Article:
Browsing by Subject "Academic emotions"

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  • Postareff, Liisa; Mattsson, Markus; Lindblom-Ylanne, Sari; Hailikari, Telle (2017)
    The demands and pressures during the first study year at university are likely to arouse a variety of emotions among students. Nevertheless, there are very few studies on the role of emotions in successful studying during the transition phase. The present study adopts a person-oriented and mixed-method approach to explore, first, the emotions individual students experience during the first year at university. Hierarchical cluster analysis was used to group students (n = 43) on the basis of the emotions they described in an interview. Second, the study investigates how the students in the different clusters scored on approaches to learning (as measured on the Learn questionnaire) and how they succeeded (GPA) and progressed (earned credits per year) in their studies. Three emotion clusters were identified, which differed in terms of the deep and surface approaches to learning, study success and study progress: (1) quickly progressing successful students experiencing positive emotions, (2) quickly progressing successful students experiencing negative emotions and (3) slowly progressing students experiencing negative emotions. The results indicate that it is not enough to focus on supporting successful learning, but that attention should also be paid to promoting students' positive emotions and well-being at this time.
  • Ketonen, Elina E.; Dietrich, Julia; Moeller, Julia; Salmela-Aro, Katariina; Lonka, Kirsti (2018)
    The present study examines antecedents of university students' academic emotions (Pekrun, Goetz, Titz, & Perry, 2002) in the context of self-determination theory (SDT; Deci & Ryan, 1985; 2000), using realtime assessment and intra-individual analyses. We investigated whether daily autonomous and controlled-motivated educational goals predicted students' academic emotions. University students (N = 55) completed smartphone diaries over 14 consecutive days. The two-week intensive longitudinal data were organized in a hierarchical three-level structure, with situations (Level 1) nested within days (Level 2) nested within students (Level 3). Students' goal motivation was assessed in morning questionnaires, and academic emotions in three daytime questionnaires. The results of the multilevel structural equation models showed that setting self-determined autonomous educational goals predicted positive emotions, whereas controlled motivation predicted negative emotions in everyday academic situations, applying both to within-person processes and between-person differences. Both kinds of goal motivation, autonomous and controlled, were associated with determination in students' daily lives. (C) 2017 Elsevier Ltd. All rights reserved.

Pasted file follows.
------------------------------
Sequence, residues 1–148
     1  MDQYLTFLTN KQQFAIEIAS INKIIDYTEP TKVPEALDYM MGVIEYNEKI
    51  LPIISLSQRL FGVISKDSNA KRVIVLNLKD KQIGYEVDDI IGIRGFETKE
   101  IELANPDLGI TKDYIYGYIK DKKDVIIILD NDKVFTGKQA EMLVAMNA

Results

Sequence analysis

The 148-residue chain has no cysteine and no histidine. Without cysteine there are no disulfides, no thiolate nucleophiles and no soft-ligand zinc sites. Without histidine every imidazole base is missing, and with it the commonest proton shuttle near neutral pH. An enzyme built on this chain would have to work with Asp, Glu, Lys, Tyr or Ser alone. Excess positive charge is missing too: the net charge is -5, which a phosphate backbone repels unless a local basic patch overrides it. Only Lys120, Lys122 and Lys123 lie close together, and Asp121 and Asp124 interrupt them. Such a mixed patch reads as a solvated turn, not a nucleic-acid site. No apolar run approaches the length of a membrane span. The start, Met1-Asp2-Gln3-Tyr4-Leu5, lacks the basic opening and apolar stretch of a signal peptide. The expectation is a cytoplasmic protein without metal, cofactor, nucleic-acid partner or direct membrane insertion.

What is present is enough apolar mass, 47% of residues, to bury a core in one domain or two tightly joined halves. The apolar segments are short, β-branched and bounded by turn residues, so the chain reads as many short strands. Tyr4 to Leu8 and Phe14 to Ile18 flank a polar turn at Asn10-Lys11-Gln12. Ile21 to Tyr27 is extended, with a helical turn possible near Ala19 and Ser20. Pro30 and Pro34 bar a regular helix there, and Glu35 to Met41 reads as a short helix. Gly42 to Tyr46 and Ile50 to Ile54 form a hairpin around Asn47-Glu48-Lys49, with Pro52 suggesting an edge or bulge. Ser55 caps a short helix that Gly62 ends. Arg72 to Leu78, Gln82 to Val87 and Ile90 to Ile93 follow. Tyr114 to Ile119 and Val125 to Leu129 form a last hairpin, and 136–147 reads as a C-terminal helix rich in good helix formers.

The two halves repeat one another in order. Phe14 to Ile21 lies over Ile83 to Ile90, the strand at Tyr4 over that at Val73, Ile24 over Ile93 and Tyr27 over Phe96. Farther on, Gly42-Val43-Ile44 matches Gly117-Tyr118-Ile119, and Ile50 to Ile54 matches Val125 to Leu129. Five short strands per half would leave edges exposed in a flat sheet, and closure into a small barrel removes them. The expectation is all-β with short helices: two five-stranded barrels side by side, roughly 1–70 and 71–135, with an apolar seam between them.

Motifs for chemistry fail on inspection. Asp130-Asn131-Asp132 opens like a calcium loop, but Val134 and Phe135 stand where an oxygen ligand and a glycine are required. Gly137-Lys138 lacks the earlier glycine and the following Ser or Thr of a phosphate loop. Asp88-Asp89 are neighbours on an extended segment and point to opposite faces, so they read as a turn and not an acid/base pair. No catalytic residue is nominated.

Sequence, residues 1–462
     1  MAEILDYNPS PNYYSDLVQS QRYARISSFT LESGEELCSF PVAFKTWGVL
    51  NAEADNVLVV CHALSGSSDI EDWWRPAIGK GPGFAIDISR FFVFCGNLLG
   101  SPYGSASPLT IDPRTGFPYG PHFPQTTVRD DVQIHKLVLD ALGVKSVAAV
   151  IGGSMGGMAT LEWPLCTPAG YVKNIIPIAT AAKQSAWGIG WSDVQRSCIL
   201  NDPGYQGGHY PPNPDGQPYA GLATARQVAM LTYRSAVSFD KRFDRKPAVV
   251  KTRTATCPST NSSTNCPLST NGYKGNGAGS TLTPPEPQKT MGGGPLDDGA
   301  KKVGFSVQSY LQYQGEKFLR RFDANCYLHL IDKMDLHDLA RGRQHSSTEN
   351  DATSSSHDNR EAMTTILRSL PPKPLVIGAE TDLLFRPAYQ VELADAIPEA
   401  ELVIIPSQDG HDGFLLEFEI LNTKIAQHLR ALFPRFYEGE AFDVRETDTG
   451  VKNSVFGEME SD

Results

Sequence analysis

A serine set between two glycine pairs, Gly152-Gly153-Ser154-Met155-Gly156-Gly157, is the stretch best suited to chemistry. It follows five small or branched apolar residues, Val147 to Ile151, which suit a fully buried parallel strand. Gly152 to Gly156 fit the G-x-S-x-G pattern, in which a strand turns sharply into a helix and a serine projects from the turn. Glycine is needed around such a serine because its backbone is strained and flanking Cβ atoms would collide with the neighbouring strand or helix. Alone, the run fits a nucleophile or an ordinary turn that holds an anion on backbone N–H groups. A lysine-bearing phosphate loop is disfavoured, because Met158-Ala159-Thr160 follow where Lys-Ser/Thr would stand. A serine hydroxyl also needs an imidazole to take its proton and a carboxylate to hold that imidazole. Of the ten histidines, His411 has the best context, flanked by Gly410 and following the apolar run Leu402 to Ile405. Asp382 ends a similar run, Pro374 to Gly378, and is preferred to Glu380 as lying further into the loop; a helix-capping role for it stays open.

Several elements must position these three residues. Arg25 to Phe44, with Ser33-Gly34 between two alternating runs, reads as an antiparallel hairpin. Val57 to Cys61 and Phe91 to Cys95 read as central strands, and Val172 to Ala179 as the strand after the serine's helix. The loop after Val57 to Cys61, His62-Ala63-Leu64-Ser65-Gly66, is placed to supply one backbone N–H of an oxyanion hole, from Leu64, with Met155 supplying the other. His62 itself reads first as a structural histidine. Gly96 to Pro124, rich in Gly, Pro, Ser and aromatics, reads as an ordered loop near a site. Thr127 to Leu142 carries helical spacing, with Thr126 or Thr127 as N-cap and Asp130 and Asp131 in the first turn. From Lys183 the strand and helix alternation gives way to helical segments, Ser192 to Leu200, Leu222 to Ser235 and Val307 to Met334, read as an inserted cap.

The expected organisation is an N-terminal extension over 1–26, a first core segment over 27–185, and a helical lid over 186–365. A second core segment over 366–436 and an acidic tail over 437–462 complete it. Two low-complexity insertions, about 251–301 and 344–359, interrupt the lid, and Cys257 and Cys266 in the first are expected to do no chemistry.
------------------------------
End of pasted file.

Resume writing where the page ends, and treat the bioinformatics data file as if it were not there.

• Ketonen, Elina E.; Malmberg, Lars-Erik; Salmela-Aro, Katariina; Muukkonen, Hanni; Tuominen, Heta; Lonka, Kirsti (2019)
    The present study investigated the dynamic nature of students' daily experiences and general study engagement using intra-individual assessment. More specifically, we examined individual differences in the relationship between university students' task-specific value and situational emotions and, further, whether first-year study engagement would moderate this association during the first two years of studies. Intra-individual state assessments were conducted via mobile phone-based experience sampling method (ESM) during participants' first (N = 72) and second (N = 56) academic years, resulting in 3089 and 2912 fully completed state questionnaires. In both years, students were asked five times a day over two weeks how important they perceived their current activity and their positive and negative emotions. Using multilevel structural equation modeling, we found that, on average, a higher perception of task-specific value was associated with higher positive emotions and lower negative emotions within individuals. However, individual differences were detected in the value-emotion relations especially during the second academic year. Finally, the findings indicated that overall study engagement, measured at the beginning of the first academic year, predicted between-person differences in these within-person relationships both years.